2014 Week 12 vs MIN (19 / 29 / 209 / 2 / 0 pass, 6 / 34 / 0 rush)
Early on the Minnesota Vikings did a solid job of covering the wide receivers, though their defensive front was not as effective getting to Rodgers, who consistently used his legs to buy time when they did so he could find a receiver or get rid of the ball. Rodgers' first big play was to Randall Cobb, who was running a post route. Cornerback Captain Munnerlyn had pretty good coverage on the play--Cobb had maybe a step or two on him--and Rodgers delivered a laser-accurate throw into a tight space, which Cobb hauled in for a 29-yard gain. The thing which always stands out about Rodgers is how much he trusts his receivers (or perhaps more accurately, relies on them) to make tough catches. Rodgers will not hesitate to throw a risky pass into traffic because he knows that Cobb or Jordy Nelson will make the catch 99 percent of the time. Sometimes it makes for harrowing viewing but it works for the Packers. Rodgers also consistently throws the ball where only his players can make a play on the ball, such as one incomplete pass down the sideline to Jordy Nelson in the second quarter. On the play, Nelson gained separation on his coverage and Rodgers threw the ball a little high and along the sideline where the Vikings player couldn't reach the ball. The throw was a little off and Nelson couldn't keep his feet in, but it was almost a brilliant catch--something that is commonplace between Rodgers and Nelson. Rodgers will also put the ball into the hands of his receivers and let them make a play, as he did with Andrew Quarless on a play late in the second quarter. As the offense was able to do many times on Sunday, the receiver heading on a deep route cleared out the intermediate area, where Quarless ran an out route. Rodgers delivered the ball, and Quarless did the rest, making one defender miss with a move, then dragging two more to the one yard line. Rodgers was able to take advantage of many similar defensive lapses as well--when Rodgers sees a defense messing up, he is very quick to burn them because of it. He did that again on the touchdown throw to Richard Rodgers in the second quarter. On the play, Rodgers scrambled to his right while Richard Rodgers headed out into the flat along the left side of the offense, then drifted into the end zone. Rodgers saw his tight end wide open and, under pressure threw the ball from the right side of the field to the back-left corner of the end zone where the tight end made an easy catch.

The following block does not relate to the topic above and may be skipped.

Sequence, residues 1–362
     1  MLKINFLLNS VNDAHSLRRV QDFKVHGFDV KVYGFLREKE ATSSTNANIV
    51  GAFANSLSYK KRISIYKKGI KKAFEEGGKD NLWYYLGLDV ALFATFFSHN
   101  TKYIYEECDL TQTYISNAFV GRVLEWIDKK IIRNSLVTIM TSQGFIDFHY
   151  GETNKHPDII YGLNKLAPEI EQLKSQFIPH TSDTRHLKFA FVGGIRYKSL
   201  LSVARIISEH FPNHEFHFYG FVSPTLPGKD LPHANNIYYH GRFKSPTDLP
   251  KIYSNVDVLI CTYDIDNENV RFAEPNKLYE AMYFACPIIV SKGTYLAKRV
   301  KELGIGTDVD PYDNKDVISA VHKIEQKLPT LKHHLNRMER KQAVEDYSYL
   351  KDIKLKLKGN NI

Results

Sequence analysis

Green Bay Packers Team LinksDepth Chart Season Stats Targets Red Zone Game Logs
Staff Dynasty RankingsQB Dynasty - 2, 2, 2, 2, 2
Overall Dynasty - 16, 16, 19
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|13||vs New England Patriots|
|14||vs Atlanta Falcons|
|15||@ Buffalo Bills|
|16||@ Tampa Bay Buccaneers|
|17||vs Detroit Lions|